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CDC should stop the drubbing and face the truth: Some women can’t breastfeed

Submitted by on Friday, 13 June 2008 No Comment

A few things I think we all can agree on: Breastfeeding is healthful, inexpensive and natural.

My second point, though, has me swimming smack against the mainstream: Breastfeeding is not possible for everyone. Believe me, I know. I tried twice — made it for a few days with Big Guy, a whopping two and half months with Little Guy but only because I supplemented with formula at first.

Which means the Centers for Disease Control considers me an abject failure. They just issue a press release today about people like me and the wicked hospitals that encourage my unhealthy habits.

“”New CDC study finds gaps in breastfeeding support in U.S. hospitals and birth centers,”" its headline reads.

The government’s breast-feeding goals — 75 percent of mothers to try breastfeeding, 50 percent to continue for six months, and 25 percent to continue for one year by 2010 — are laudable. The problem is in the execution, as is the case with so many government goals built around success by drubbing people.

The goals are part of the CDC’s Healthy People 2010, a program laid out in 2001. Which means hospitals were at implementation fever pitch about the time Big Guy came along in July 003.

Problem was, the staff at the place where he was born gave mixed signals. One RN was a real Nursing Nazi, scowling at the formula sample in my room. Meanwhile, baby Big Guy’s nurses plopped a pacifier in his bed, and a visiting relative popped it in his mouth before I could open mine to protest.

The Nursing Nazi’s words were all right and encouraging. But her attitude said something different. “”Why can’t we do this?”" I’d cry. “”He’s latching all wrong again,”" she’d reply clinically, time after time.

No one ever mentioned supplementing with formula, despite my protestations that the milk simply wasn’t there. First-time mother must not know what she’s talking about, the looks said.

No one ever checked my chart either. If they had, they would have discovered that my placenta was delivered in tatters — I think Big Guy shredded it on his way out in his first temper tantrum. Soon after, I started running a 104-degree temperature. I know now that those are possible signs that part of the placenta remained in my body. And that will interfere with milk production.

Fast-forward two years to Little Guy’s birth — same hospital but huge philosophical shift. And a placenta delivered in tact, which, I believe, made all the difference in the world.

This time, the nurses asked about pacifier use. They didn’t bring the formula samples. But neither did they let me lie in bed and weep in hysterical exhaustion at my inability to feed my baby.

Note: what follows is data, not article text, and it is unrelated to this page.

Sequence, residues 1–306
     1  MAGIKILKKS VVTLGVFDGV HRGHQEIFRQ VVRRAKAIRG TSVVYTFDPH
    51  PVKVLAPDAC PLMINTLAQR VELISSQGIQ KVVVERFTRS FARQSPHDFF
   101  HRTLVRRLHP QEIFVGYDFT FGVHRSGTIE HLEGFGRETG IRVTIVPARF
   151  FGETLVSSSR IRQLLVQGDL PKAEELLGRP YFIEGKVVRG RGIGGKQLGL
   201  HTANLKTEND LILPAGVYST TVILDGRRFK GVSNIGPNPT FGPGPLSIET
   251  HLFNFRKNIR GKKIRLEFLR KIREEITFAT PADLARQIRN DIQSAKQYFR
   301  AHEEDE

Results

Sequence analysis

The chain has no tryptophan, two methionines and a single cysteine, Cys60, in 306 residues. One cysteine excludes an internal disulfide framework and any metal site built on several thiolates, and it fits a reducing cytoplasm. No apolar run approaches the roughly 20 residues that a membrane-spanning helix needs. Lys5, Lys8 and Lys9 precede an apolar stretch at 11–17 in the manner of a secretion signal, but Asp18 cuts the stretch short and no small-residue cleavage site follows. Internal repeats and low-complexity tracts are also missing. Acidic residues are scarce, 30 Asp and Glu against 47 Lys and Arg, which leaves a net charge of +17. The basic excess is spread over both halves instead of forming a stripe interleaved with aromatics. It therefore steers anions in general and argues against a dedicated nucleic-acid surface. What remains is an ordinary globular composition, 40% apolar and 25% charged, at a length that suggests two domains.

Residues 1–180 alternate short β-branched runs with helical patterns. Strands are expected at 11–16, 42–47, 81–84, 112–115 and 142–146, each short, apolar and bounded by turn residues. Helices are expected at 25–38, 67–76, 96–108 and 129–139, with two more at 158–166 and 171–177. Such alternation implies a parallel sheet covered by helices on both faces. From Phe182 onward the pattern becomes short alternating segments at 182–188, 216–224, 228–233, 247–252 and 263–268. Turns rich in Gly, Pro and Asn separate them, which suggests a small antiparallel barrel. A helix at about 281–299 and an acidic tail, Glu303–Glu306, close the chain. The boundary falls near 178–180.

“”There’s nothing wrong with feeding him a small amount of formula,”" said Georgia, whose warm smile and lilting Caribbean accent were instantly soothing. “”Just a little — no more than an ounce — until your supply is up.”"

It’s something the CDC frowns on: “”For newborn feeding, 24 percent of facilities reported giving supplements (and not breast milk exclusively) as a general practice with more than half of all healthy, full-term breastfeeding newborns, a practice that is not supportive of breastfeeding,”" yesterday’s study said.

Except in my case it worked. I was able to sleep without waking up in tears, convinced I was starving my baby. And less stress means more milk.

Breast-feeding still wasn’t easy. A few weeks later, I was popping so much fenugreek that I smelled like a walking IHOP. Two months later, I gave up. I simply could not keep up with baby Little Guy’s voracious appetite.

I don’t consider it a defeat. Heck, I’m a 32A — I’ll take what I can get.

And the CDC shouldn’t consider it a defeat either. Nor should officials drub hospitals into drubbing exhausted women with hormonal mood swings of Space Mountain proportions.

Copyright 2008 Debra Legg. All rights reserved.

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  • Genevieve said:

    Love this post. I was one of the ones who couldn’t breastfeed. Was told I was starving my child and cajoled into feeding him a bottle.

    The next nurse was aghast.Said no way would he starve in the 10 hours after I had them. It was natural for them not to want to eat right away.

    Oi vey. Anyhow lots of latch problems — in reflection I think my son had a weak suck. He choked on his food every meal later on until he was in preschool.

  • Debra (author) said:

    “Big Guy, too! To this day, he still has one of the touchiest gang mechanisms I’ve ever seen.

    And it might well be natural for them to not eat in 10 hours, but it felt very UNnatural to me to lie there and listen to my newborn bundle of joy wail. Looking back, part of it was probably colic, but no one had told me about THAT either.

    Sheesh! How did we AND they survive those first three months?”